LONDON (Reuters) - OPEC and its partners have agreed to raise their collective production by 0.5 million barrels per day (bpd) in January, with output to be reviewed and adjusted at monthly intervals thereafter.
The increase is much smaller than the 2 million bpd scheduled last April, but marks a significant shift from the start of November, when the group seemed poised to leave output unchanged for another three months.
The shift responds to news of successful coronavirus vaccine trials, which could lead to a rapid immunisation programme and resumption of more normal business activity and international air travel.
Brent futures prices have already climbed by more than $11 per barrel (30%) since the start of November as traders anticipate a faster recovery in oil consumption and a sharper drawdown in global inventories.
And Brent’s six-month calendar spread has moved into backwardation of more than $0.40 per barrel, from a contango of $2.50 at the start of November, as traders expect a larger production-consumption deficit in 2021.
Spreads for every month next year have moved into backwardation, which will prompt traders and refiners to empty tank farms of discretionary inventories, keeping only the minimum needed to maintain reliable operations.
The combination of rising spot prices and tightening spreads is the most bullish since early January, when U.S.-China trade tensions were easing and before the risk of a devastating global pandemic was appreciated.
The combination of rapidly tightening spreads and an intensifying backwardation indicates the oil market is expected to tighten significantly next year and that benchmark prices are accelerating towards a peak.
In this context, OPEC+ members had more scope than a few weeks ago to increase production without risking an increase in inventories or a fall in prices.
Rapid price escalation will stimulate a further recovery in U.S. oil drilling from early in the second quarter and add to U.S crude oil production from the end of the third quarter, given normal delays.
Two shale booms in the last decade, followed by two wrenching busts, have left OPEC+ wary about continuing to restrict group production and concede market share if U.S. shale output starts to rise again significantly.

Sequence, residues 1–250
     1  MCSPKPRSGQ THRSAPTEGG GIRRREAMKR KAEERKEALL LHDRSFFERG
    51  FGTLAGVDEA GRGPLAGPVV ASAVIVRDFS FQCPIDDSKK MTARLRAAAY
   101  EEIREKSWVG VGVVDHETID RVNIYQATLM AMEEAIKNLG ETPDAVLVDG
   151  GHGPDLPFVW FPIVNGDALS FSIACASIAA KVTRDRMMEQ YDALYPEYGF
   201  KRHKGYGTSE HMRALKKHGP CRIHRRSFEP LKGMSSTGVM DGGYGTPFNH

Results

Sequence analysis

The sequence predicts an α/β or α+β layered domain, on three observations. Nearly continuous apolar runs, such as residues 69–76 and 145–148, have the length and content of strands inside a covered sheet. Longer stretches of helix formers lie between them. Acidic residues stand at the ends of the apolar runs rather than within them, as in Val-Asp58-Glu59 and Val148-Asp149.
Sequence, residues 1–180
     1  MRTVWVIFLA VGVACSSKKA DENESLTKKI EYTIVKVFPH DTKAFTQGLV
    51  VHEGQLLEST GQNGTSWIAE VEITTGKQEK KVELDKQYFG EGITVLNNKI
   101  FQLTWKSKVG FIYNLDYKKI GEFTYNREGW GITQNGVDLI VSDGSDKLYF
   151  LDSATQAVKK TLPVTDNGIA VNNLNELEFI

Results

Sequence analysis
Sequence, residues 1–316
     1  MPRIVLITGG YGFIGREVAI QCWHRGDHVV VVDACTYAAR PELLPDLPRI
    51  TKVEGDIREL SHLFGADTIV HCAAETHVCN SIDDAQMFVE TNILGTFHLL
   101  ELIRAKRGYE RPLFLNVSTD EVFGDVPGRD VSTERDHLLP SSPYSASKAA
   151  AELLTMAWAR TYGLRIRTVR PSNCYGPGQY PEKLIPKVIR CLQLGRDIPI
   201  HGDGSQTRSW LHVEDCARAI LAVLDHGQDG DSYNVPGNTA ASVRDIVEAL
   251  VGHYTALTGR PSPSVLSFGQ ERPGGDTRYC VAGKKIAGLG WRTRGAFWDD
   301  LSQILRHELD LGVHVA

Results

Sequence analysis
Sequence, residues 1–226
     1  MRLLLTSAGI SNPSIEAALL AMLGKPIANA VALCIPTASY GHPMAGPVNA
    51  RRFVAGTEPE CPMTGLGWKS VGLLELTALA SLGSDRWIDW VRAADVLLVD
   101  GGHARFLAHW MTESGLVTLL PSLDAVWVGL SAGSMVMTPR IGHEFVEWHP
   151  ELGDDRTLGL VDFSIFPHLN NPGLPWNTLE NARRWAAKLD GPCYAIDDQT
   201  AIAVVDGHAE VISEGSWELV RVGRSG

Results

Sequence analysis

Disagreements between Saudi Arabia and Russia about how best to respond to rising shale production lay at the root of the volume war unleashed between the two countries in March and April.
The volume war broke out when Brent prices were between $50 and $60, and some of the same disagreements are likely to re-emerge if prices continue climbing towards $55.
In the meantime, OPEC+ will likely raise its own production to pre-empt increases by U.S. shale firms, trying to ensure prices do not rise too fast and the group captures a large share of recovering oil demand.
Monthly production reviews, while diplomatically messy and heightening uncertainty, will allow OPEC+ to match the rate of output increases with the vaccine roll out, resumption of international flying and recovery in oil consumption.
The small output increase in January, with hints of further increases in later months, will also help smooth over disagreements within the group about the fairness of output allocations.
In recent weeks, the United Arab Emirates has complained privately that it has cut production proportionately more than either Saudi Arabia or Russia (tmsnrt.rs/3gaKcal).
In the three months between August and October, the latest for which data is available, UAE production was down by an average of almost 20% compared with the same period a year earlier.
By contrast, Russia’s output was down 12% and Saudi Arabia’s was down by just 4%, according to data from the U.S. Energy Information Administration (“Short-Term Energy Outlook”, EIA, Nov. 10).
Raising the collective target will blunt some of these differences over allocations while also regularising or legitimising past non-compliance by allowing all group members to boost output and earnings.
(John Kemp is a Reuters market analyst. The views expressed are his own)
Editing by Kirsten Donovan
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